The American Textbook Council has published a provocative manual that outlines the shortcomings and assets of history and social-studies textbooks and offers guidelines to educators who select texts for their schools.
Gilbert T. Sewall, the director of the council, said he wrote the 64-page book after the council received "urgent'' requests from people seeking help in choosing textbooks.
Even though America guards a tradition of local--or perhaps state--curricula, the book points out that a shrinking textbook market is leading toward a national curriculum, especially for history and social studies because of the political sensitivity that surrounds those subjects.
"The cost of developing and selling history and social-studies texts is greater than in such less polarizing subjects as algebra or spelling,'' the book says. Consequently, "publishers' reluctance to invest money in new ... products is likely to increase in the 1990's, resulting in a smaller field of standard books from which educators can choose.''
Many of the available textbooks are flawed, boring, or both, the manual says.
The book notes that some publishers have incorporated the contributions of previously neglected segments of the population, such as women and some ethnic groups. But in doing so, the manual says, some of the texts promote a revisionist history that denigrates or compresses the Western Europeans and their progeny.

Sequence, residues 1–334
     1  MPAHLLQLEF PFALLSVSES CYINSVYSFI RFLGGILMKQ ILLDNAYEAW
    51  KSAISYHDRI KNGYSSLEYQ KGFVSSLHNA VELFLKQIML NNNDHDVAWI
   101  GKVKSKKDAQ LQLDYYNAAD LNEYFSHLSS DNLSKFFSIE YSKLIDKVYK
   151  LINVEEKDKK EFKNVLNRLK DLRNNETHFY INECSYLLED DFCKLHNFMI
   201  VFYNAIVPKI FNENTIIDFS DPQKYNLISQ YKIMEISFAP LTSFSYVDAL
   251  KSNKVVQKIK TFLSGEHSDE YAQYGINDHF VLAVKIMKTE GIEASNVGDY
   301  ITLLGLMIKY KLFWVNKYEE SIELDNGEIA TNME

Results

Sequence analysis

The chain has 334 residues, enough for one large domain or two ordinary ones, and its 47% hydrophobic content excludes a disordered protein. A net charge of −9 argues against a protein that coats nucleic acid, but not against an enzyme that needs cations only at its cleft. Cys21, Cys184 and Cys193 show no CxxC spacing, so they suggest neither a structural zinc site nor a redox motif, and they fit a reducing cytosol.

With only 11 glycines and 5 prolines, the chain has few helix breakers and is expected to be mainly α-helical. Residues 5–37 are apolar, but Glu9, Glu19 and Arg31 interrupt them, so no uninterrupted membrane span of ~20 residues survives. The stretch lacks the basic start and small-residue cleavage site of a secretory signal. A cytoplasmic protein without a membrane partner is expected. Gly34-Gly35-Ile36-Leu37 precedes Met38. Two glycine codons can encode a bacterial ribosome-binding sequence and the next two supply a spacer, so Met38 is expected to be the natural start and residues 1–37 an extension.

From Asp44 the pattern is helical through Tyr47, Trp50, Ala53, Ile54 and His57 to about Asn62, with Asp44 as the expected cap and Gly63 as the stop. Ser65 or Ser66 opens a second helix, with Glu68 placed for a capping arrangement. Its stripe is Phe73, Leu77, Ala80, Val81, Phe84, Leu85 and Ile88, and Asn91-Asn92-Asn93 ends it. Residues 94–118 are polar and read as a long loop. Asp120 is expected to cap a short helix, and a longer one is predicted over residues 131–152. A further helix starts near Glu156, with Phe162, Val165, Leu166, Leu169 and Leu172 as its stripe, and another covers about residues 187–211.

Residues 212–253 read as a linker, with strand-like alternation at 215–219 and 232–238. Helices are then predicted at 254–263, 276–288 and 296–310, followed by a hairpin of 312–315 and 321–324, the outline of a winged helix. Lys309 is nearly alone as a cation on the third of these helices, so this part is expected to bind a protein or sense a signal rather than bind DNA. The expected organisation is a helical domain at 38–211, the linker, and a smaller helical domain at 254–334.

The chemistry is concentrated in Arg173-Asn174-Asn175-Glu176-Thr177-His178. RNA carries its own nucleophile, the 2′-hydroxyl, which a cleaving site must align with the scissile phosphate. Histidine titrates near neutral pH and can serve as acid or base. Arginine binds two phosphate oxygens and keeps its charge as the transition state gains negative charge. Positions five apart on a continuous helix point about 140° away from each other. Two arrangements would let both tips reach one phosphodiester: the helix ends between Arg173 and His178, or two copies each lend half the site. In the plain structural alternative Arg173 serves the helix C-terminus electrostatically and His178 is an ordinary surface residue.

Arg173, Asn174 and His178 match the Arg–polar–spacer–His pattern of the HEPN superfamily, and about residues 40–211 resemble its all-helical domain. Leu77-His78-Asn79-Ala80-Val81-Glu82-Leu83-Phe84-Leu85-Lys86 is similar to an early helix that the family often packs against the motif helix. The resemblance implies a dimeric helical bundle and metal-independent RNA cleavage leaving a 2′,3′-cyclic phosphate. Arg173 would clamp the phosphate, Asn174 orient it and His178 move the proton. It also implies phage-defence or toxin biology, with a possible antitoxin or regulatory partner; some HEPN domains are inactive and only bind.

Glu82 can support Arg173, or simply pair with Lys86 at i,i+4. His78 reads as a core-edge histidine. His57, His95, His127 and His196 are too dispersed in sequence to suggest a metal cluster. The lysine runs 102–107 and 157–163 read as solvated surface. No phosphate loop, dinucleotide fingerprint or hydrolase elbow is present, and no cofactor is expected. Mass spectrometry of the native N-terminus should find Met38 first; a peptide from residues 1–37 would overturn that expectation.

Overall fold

Such superficiality and political sensitivity can result in texts written in an insipid style, the book concludes.
Copies of History Textbooks: A Standard and Guide are available for $12 each, prepaid, from the American Textbook Council, 475 Riverside Dr., Room 518, New York, N.Y. 10115.
As part of her master's thesis, a graduate student at Washington State University is developing lesson plans for high school and college students on Brown v. Board of Education and desegregation.
Liza Rognas conceived the idea when she came upon the original legal documents at a regional facility of the National Archives in Kansas City, Mo. They had only recently been returned to the government repository from the courts when she was an intern there in 1992, she said.
Her goal, in part, is to impart to students of today the emotions of students of that era.
Ms. Rognas hopes to complete the work by December, then send it for
review to the National Archives and the Southern Poverty Law